United States District Court, M.D. Alabama, Southern Division
MEMORANDUM OPINION AND ORDER
C. MARKS, CHIEF UNITED STATES DISTRICT JUDGE
pending before the Court is a motion to dismiss filed by the
Defendant City of Daleville, the Daleville Police Department,
and Officer Ryan Phillips on December 19, 2017. (Doc. 7).
Plaintiff, Joseph Thomley (“Thomley”), filed a
complaint bringing 42 U.S.C. § 1983 claims for unlawful
search and seizure (count one), for excessive force (count
two), and for false arrest/false imprisonment (count three),
a state-law false arrest/false imprisonment claim (count
four), a state-law assault and battery claim (count five),
and a 42 U.S.C. § 1983 claim against the City of
Daleville and the Daleville Police Department for failure to
supervise and failure to train (count six).
consideration of the complaint, the motion, and the briefs of
the parties, and for the reasons that follow, the
Defendants' motion to dismiss is due to be GRANTED as to
the federal claims, and the Court will decline to exercise
supplemental jurisdiction over the state-law claims.
facts alleged by the Plaintiff in the complaint are as
about October 16, 2016, Thomley was driving his vehicle home
to get a tow strap and stopped at a stop sign. A girl ran in
front of his vehicle and then jumped into the passenger seat
of his vehicle. The girl was screaming, “please get me
away from him, ” and Thomley observed a shirtless man
running down the street. Thomley also observed that the girl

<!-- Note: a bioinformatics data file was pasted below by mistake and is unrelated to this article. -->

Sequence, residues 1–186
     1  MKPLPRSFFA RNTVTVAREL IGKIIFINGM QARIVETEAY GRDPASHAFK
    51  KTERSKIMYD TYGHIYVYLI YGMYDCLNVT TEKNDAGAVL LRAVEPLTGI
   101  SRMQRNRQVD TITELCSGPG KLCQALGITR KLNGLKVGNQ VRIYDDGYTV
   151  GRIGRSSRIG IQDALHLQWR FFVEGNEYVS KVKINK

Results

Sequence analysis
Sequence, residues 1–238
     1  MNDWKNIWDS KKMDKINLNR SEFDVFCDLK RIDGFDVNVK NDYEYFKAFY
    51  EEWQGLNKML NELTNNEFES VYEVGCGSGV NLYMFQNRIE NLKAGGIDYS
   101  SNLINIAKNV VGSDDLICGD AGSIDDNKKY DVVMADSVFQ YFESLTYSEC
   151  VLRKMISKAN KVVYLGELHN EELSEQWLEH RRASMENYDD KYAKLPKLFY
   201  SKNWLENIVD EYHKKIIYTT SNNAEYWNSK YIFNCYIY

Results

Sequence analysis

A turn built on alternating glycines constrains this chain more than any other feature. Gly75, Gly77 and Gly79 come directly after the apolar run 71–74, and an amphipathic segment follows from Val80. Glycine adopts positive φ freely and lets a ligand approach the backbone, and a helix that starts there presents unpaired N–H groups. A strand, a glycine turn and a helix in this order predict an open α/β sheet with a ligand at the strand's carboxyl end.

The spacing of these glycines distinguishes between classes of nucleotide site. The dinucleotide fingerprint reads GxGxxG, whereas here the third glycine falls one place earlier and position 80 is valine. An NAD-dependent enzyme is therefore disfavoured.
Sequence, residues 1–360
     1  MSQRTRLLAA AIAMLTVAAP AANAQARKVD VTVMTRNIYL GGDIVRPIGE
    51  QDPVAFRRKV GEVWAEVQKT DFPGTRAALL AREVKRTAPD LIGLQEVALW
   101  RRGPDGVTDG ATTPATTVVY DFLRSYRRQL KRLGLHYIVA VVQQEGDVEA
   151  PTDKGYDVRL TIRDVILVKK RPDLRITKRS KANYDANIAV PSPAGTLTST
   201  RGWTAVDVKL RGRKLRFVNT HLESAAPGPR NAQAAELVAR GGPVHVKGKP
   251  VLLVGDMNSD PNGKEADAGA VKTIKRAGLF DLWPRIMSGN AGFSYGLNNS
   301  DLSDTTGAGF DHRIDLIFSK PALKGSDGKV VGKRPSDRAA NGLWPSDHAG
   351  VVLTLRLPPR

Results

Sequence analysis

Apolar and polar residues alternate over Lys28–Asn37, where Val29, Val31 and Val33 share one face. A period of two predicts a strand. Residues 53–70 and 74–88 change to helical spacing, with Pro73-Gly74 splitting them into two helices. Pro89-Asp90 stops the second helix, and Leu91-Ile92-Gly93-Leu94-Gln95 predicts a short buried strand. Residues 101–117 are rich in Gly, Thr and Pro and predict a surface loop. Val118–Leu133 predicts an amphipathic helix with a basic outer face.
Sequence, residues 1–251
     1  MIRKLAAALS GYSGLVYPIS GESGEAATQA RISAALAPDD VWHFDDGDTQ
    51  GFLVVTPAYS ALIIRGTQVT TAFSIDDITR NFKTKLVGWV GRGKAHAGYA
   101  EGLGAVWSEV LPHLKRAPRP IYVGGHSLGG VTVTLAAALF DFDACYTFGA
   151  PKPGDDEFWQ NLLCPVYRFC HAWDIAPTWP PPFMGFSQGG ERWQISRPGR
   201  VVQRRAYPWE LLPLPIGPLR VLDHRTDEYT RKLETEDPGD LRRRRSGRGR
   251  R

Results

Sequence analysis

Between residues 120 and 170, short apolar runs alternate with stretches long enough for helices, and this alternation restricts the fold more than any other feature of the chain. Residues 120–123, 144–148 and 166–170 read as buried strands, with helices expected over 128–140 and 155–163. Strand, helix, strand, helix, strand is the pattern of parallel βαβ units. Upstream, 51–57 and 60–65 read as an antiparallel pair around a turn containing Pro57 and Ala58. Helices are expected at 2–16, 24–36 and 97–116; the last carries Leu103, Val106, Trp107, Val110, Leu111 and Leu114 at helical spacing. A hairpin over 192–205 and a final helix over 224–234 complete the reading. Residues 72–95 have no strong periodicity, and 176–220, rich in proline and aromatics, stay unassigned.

“was red all over and covered in scratches.”
(Doc. 1 at ¶8). Thomley drove a distance of one mile to
his home. When he stopped the vehicle at his house, the girl
jumped out and ran across Thomley's neighbor's yard.
Thomley began walking to obtain the tow strap when a silver
SUV pulled into the driveway. Defendant Ryan Phillips
(“Phillips”) got out of his vehicle and drew his
gun. The complaint alleges that “Officer Ryan Phillips
began asking the Plaintiff questions about the female who had
just got[ten] out of his vehicle.” (Doc. 1 at
¶11). Thomley said that he did not know who the female
was. Phillips then asked Thomley to take his knife out of his
pocket. Thomley did so. Phillips then asked him to move to
the back of his truck and Phillips handcuffed Thomley.
Phillips then began “jabbing his hands in the
Plaintiff's pockets” while Thomley was sitting on
the tailgate and Thomley told him he did not have permission
to search him. Thomley asked that Dale County officers be
called to the scene. Thomley then told Phillips that he was
trespassing and in response Phillips took Thomley off of the
tailgate of his truck by his pocket. (Doc. 1 at ¶17).
Thomley told Phillips to keep his hands off him and then
“Phillips began to use force on the Plaintiff.”
(Doc. 1 at ¶17).
put Thomley in a choke hold, kneed Thomley, strangled him,
slammed him to the ground face first, and started asking
questions about the unknown girl again. Phillips
“stated that he was trying to get the Plaintiff's
identification and that the Plaintiff pulled away from
him.” (Doc. 1 at ¶19). “The Plaintiff
responded with ‘I am not resisting. My name is Joseph
Thomley.'” (Doc. 1 at ¶19). Phillips asked the
neighbor if she knew Thomley and she said that she did, but
she did not know the girl who ran across her yard.
sat in handcuffs in his front yard for 45 minutes until Dale
County officers arrived and released him. He asked Phillips
if he was going to jail and Phillips asked if Thomley was
going to sue him. Thomley alleges that he suffered
“bodily injury, ” but pleads no facts about any
12(b)(6) motion to dismiss tests the sufficiency of the
complaint against the legal standard set forth in Rule 8:
“a short and plain statement of the claim showing that